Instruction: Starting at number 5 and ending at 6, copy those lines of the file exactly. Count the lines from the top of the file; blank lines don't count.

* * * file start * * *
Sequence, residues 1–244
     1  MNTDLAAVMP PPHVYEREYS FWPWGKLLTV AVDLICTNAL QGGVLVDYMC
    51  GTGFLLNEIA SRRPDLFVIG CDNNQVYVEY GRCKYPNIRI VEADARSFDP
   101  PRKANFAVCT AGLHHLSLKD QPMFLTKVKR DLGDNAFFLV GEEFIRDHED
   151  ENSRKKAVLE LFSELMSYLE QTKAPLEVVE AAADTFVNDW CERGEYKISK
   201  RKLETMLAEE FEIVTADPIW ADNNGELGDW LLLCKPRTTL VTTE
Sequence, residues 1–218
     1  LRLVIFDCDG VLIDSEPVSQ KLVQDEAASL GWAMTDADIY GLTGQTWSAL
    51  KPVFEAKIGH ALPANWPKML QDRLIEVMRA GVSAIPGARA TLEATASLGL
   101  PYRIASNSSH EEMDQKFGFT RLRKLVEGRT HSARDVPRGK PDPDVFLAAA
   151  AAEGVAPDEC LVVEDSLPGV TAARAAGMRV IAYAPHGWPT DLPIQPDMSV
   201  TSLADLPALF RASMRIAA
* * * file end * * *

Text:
   151  ENSRKKAVLE LFSELMSYLE QTKAPLEVVE AAADTFVNDW CERGEYKISK
   201  RKLETMLAEE FEIVTADPIW ADNNGELGDW LLLCKPRTTL VTTE